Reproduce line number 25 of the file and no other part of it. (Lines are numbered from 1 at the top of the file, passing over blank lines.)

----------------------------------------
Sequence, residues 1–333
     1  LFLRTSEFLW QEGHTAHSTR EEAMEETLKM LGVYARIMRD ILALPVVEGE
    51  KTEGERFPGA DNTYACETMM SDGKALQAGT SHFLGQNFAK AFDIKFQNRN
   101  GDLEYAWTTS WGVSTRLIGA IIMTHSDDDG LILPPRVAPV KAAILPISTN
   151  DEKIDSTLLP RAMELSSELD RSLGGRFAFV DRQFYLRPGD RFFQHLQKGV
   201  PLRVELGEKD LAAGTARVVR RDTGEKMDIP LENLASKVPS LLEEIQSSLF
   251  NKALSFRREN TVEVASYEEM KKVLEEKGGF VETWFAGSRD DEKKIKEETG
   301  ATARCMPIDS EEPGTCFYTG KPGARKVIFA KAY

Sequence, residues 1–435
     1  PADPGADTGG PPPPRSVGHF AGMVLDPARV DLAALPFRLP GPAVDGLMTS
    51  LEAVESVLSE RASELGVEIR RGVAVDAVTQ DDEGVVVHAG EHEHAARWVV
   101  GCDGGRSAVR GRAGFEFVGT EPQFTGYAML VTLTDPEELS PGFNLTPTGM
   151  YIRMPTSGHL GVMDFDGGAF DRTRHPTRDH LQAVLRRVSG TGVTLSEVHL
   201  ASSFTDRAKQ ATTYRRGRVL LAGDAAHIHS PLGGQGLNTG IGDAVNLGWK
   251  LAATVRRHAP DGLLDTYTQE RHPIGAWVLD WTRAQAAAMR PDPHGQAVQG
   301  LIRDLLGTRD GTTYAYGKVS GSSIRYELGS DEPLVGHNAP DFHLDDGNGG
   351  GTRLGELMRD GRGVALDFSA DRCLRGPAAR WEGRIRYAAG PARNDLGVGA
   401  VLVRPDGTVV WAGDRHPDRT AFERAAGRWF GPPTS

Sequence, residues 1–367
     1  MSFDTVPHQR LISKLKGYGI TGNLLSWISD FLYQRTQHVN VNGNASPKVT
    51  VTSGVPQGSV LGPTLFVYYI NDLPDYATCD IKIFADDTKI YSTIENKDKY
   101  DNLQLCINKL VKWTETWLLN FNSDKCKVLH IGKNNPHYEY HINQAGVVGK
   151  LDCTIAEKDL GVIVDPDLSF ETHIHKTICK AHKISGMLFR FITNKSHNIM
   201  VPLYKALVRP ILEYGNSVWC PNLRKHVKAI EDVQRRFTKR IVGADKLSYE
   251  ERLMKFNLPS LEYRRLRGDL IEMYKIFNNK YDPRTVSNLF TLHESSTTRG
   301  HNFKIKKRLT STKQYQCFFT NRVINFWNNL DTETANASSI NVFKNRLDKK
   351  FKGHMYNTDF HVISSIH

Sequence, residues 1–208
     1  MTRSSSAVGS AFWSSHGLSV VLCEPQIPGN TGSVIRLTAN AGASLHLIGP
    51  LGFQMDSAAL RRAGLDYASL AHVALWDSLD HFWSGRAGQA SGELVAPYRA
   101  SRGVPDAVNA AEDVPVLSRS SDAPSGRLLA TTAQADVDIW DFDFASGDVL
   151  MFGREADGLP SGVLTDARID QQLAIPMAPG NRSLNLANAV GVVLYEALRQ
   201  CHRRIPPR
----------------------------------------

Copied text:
   251  ERLMKFNLPS LEYRRLRGDL IEMYKIFNNK YDPRTVSNLF TLHESSTTRG